The NFL Shield is Cracking Due to Several Current Scandals
Yes, we know, the NFL is still the most popular in the U.S. A 2014 Harris poll found that around U.S. adults said pro football was their favorite sport. Football is the most popular sport in America and the league is a financial juggernaut with a current television deal worth $5.66 billion annually through 2022. Even with a history of gambling scandals, sexist behavior by players against female reporters, and allegations of racism, the NFL always seems to overcome whatever threatens its image or bottom line. But a rash of current headline-grabbing scandals could finally damage the league’s standings. Let’s take a look at the issues percolating around the league and try to determine if they can damage the mighty NFL shield.
HOFer Cris Carter Lost His Mind
An ESPN profile of Chris Borland published this year revealed that during the 2014 NFL Rookie Symposium, a former player told him to get a “fall guy” in case he ever got in trouble with the law. In the last weeks, it’s been revealed that the former player who spoke at the symposium was Hall of Fame wide receiver Cris Carter. Carter, who had his own battles with substance abuse during his playing career, spoke at an NFL Rookie Symposium and made several controversial statements. Carter and defensive tackle Warren Sapp are on stage when Carter talks about the need for a “fall guy”:
“Because all you guys aren’t going to do the right stuff. I need to teach to you how to get around all of this stuff too. If you have a crew, one of them fools need to know that they’re going to jail. I know a lot of you aren’t going to drink, i know a lot of you aren’t going to use drugs but still get yourself a fall guy.”
We can’t make this stuff up. Apart from being a recent addition to the Hall of Fame, Carter is a lead in-studio analyst for ESPN’s NFL coverage. Since the video has gone public, the NFL has tried to distance itself from Carter’s comments. Further ESPN said, “We completely disagree with Cris’s remarks and we have made that extremely clear to him. Those views were entirely his own and do not reflect our company’s point of view in any way.”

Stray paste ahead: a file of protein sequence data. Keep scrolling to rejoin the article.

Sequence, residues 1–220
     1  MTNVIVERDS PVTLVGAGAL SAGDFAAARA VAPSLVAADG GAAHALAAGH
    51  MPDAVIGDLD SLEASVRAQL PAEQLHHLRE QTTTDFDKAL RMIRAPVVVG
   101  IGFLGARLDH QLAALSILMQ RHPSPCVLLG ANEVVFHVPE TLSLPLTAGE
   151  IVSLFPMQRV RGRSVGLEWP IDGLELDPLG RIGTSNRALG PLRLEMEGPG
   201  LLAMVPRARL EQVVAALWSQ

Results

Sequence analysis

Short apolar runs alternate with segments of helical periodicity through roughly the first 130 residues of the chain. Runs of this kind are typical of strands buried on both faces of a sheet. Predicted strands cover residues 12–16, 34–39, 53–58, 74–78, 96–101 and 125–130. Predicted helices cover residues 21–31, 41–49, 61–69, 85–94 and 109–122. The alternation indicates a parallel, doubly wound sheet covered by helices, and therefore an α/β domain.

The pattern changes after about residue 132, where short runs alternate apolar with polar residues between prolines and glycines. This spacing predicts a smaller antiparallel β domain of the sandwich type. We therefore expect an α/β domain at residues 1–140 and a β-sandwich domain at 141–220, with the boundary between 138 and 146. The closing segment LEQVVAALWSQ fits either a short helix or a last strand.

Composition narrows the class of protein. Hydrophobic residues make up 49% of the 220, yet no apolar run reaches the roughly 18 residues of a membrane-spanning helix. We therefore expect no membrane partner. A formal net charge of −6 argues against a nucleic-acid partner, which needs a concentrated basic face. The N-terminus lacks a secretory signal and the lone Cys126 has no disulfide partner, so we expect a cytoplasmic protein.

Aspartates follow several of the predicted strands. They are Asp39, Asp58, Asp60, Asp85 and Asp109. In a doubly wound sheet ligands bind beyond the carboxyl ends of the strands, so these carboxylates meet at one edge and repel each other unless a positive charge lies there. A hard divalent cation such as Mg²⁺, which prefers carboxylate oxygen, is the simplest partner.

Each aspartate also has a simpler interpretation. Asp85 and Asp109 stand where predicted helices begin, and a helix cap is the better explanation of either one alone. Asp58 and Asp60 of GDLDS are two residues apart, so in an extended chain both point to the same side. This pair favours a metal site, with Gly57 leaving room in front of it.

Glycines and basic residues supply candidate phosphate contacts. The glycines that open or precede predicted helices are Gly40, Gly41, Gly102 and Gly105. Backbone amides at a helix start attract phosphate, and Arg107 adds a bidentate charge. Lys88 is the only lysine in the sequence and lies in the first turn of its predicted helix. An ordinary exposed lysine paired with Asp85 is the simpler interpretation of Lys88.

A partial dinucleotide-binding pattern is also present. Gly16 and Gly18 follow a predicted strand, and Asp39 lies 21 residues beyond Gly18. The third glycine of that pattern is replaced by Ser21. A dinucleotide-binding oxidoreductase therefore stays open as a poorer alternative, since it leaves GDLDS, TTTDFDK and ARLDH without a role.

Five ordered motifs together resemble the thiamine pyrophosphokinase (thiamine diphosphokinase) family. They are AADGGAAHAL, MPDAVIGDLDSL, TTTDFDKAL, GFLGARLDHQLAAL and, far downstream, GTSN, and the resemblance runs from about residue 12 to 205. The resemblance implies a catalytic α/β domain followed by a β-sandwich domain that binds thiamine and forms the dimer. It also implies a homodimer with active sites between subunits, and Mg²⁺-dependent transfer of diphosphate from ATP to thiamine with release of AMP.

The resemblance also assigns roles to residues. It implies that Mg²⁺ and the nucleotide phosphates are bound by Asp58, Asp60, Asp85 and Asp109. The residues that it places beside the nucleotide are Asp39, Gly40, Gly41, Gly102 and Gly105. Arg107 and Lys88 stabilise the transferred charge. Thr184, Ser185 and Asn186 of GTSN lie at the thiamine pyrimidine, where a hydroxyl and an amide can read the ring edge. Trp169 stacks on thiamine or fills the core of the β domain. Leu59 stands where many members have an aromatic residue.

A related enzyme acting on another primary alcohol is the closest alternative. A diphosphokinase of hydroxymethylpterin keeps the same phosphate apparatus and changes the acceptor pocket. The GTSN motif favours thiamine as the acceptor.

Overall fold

Carter issued his own statement about the scandal too on Twitter:
Seeing that video has made me realize how wrong I was. I was brought there to educate young people and instead I gave them very…
— Cris Carter (@criscarter80) August 24, 2015
We’ve written extensively about the New England Patriots quarterback Tom Brady and his shrunken balls. To sum up our previous points, the NFL for some reason hasn’t figured out how to punish the Patriots. If you never heard of Deflategate, in this year’s AFC Championship, a win that allowed the Pats to advance to the Super Bowl — the Patriots played the game with balls that were illegally under-inflated. During halftime, officials checked the other 11 balls the Patriots and found they were all indeed under-inflated — with anywhere between one and two pounds per square inch less pressure than the minimum 12.5 psi mandated by the league.
Unless you’re a Boston apologist you know the Patriots have a history of cheating and continue to operate as if they’re 100% innocent of any accusations. Debate it all you want. The bottom line, the Patriots did something wrong and the league needs to make sure the Patriots are punished. So far, nothing has been done and the league is facing a credibility crisis again.
Player Personal Conduct
New York Jets defensive tackle Sheldon Richardson has been charged with resisting arrest and multiple traffic violations after allegedly leading police on a high-speed chase in Missouri on July 14. He has since pleaded not guilty. Since the headline, more details about the arrest became public. Richardson was driving in excess of 140 mph, with a loaded weapon in his car, and a 12-year old in the backseat. Guns, speeding, and drugs. The league needs to discipline Richardson as soon as possible.
For a player already facing a four-game suspension for failing a drug test, this is more than one bad night. Richardson is one of the latest players whose off the field behavior is hurting the league. Add him to the list of running backs Adrian Peterson, Ray Rice, offensive lineman Richie Incognito, and others.
Bad news on top of bad news. If there wasn’t so much money being generated for team owners, the league would be in an even bigger mess. Commissioner Goodell has got a lot of work to do. The current crop of NFL scandals can’t be ignored. Fans aren’t ignoring it and neither will critics.